Asset Protection Strategy #1
By Chris Burnett
When clients are buying new assets often their first instinct is to just use an existing entity or structure within their group as a way to save on setup costs and/or maintenance costs associated with a new entity or structure.
Sometimes we inherit clients from previous accounting firms that have invested millions of dollars of property in the wrong structures because either the client didn’t want to part ways with an additional $1,500 to establish a new entity or the accountant wasn’t proactive enough to provide the right advice to the client at the time. Whatever the case may be, choosing the wrong entity can present unnecessary risks to assets and result in the client incurring significant costs that dramatically exceed those that would have been incurred had the client just establish and operate a new entity or structure.
If you put all of your eggs in one basket and the handle breaks – then all you’ve got is scrambled eggs. Similar advice can be followed in the art of asset protection.
Some assets are inherently riskier than others. For example, a discretionary trust that owns and operates a business will always generate a level of risk – we can never be sure what may happen in business in the future. If business debts cannot be repaid or if there is legal claim against the business by suppliers, customers or employees – these may easily exceed the realisable value of the business. Other assets are more passive and have little to no risks – such as cash assets, property and shares.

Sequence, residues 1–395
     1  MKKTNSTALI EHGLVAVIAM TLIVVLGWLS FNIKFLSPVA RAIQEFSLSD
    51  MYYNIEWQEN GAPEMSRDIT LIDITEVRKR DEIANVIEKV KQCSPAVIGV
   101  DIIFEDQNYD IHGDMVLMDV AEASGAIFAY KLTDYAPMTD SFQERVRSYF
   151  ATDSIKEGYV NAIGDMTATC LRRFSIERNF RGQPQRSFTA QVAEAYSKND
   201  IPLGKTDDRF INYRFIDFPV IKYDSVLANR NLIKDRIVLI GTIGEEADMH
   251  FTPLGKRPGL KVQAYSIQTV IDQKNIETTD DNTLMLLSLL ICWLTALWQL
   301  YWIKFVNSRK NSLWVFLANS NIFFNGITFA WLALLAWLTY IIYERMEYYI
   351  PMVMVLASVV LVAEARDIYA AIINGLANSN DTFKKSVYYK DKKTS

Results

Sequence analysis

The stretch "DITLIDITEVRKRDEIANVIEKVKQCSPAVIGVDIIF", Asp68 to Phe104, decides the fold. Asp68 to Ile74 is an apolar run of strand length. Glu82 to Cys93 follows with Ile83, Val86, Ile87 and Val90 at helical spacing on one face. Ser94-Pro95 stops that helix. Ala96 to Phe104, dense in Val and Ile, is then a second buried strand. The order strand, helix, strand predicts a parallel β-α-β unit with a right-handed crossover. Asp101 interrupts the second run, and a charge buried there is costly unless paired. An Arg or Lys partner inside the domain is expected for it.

On a broad level, assets that are low risk should not be purchased by entities that already own high risk assets and vice-versa. Low risk assets should be purchased in a separate ownership entity and when it comes to high-risk assets these should also be separated between ownership entities when possible to quarantine potential risk. For example, a commercial business premises should not be purchased by the company that owns and operates the business. In this sort of situation, I would usually recommend that the property is purchased in a separate legal entity and then leased back to the entity that operates the business. In another example, a share portfolio shouldn’t be purchased by ownership entity that has a commercial property if avoidable as even a property can present some ownership risks – especially if there are significant loans secured by the property.
Separating assets among different ownership entities helps protect our assets under the separate legal entity principle. Only assets held by an entity are available to lenders or creditors to be used to extinguish the debts or obligations of that particular entity. In other words, if something goes wrong in one entity you want the least amount of assets available to potential creditors to get their hands on.
If you would like a review and assessment of your asset protection measures within your group and structures or need help restructuring please contact me.